On Sunday I will celebrate the Eucharist in Spanish for the first time with our San Albano congregation. On one level, this isn’t so scary. While I’m not fluent by any means, I’ve been studying Spanish on my own for the last couple of years. I practice a little every day; I took classes in Guatemala last summer.
At least I know the gestures and rhythms of our liturgy by heart – what’s supposed to happen when and by whom. And the community itself couldn’t be more gracious and inviting. There are more than a few bilingual folks there to rescue me when I get stuck. So why does it still feel like I’m flying without a net?
Perhaps it’s because I’m supposed to be the expert in the room – at least on the language of worship. I’m usually the one doing the translating, helping folks understand the meanings of words that are increasingly only used in church. Words like praise, redemption, resurrection, even blessing are specialized language at this point. They don’t show up in beginner or even intermediate Spanish texts; I don’t hear them on the radio or Telemundo. Where else would I hear them but in church?
If that’s the case for me as I’m learning Spanish, imagine how it is for many of the people just entering our doors – those who may or may not have grown up in any church, much less our jargon-heavy branch of the Christian family tree.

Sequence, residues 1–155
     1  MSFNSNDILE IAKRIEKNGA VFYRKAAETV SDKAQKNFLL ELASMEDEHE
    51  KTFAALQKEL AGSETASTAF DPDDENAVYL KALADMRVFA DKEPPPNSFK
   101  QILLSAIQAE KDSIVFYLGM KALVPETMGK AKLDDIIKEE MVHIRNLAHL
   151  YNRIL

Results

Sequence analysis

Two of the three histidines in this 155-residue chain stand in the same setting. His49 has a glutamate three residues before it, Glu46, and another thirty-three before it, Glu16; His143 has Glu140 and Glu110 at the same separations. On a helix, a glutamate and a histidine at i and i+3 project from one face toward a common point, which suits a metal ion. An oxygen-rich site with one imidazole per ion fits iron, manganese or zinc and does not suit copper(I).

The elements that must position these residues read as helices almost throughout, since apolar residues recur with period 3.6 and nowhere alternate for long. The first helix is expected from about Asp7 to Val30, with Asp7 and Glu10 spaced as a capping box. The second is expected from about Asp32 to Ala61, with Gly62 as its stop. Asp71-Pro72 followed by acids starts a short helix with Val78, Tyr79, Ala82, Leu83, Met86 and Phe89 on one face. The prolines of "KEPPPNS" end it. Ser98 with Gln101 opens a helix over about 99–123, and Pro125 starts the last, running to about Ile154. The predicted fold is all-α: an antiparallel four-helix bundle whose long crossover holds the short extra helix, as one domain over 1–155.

It may be that religious language is learned just as any new language is learned. We learn it by practicing it, by being in conversation with folks who are more fluent than we are – who can stretch our vocabulary beyond what phone apps and computer programs are likely to teach us. We learn by reading body language and tone of voice. We learn by hearing the words in context and repeating them over and over again. We may be more comfortable listening and reading at first – receiving information rather than expressing it. It may take a while before we have the courage to speak in our own words.
Fortunately, religious language is far more than words. It’s revealed in our colors and objects and architecture. It’s known through gesture – when we sit and stand and kneel, how we move to and from the altar, what we do with our hands. It’s communicated in the rhythms and movements of our songs. It’s found even in our silences – all those places where we stop and go off script because words will only take us so far when it comes to knowing God.
Perhaps above all, it’s embodied in those who use it. We learn what praise means by experiencing it; we learn what blessing means by those who extend it to us. And if that’s the case, then I’m in very good hands with our San Albano community. I’ll reach out to them with my whole self, including my broken Spanish. They’ll reach back with patience and grace, and somehow, God will be made known to all of us once again in the words and gestures and songs, in the prayers and the silence, and in the breaking of the bread.
Guess I’m not flying without a net after all.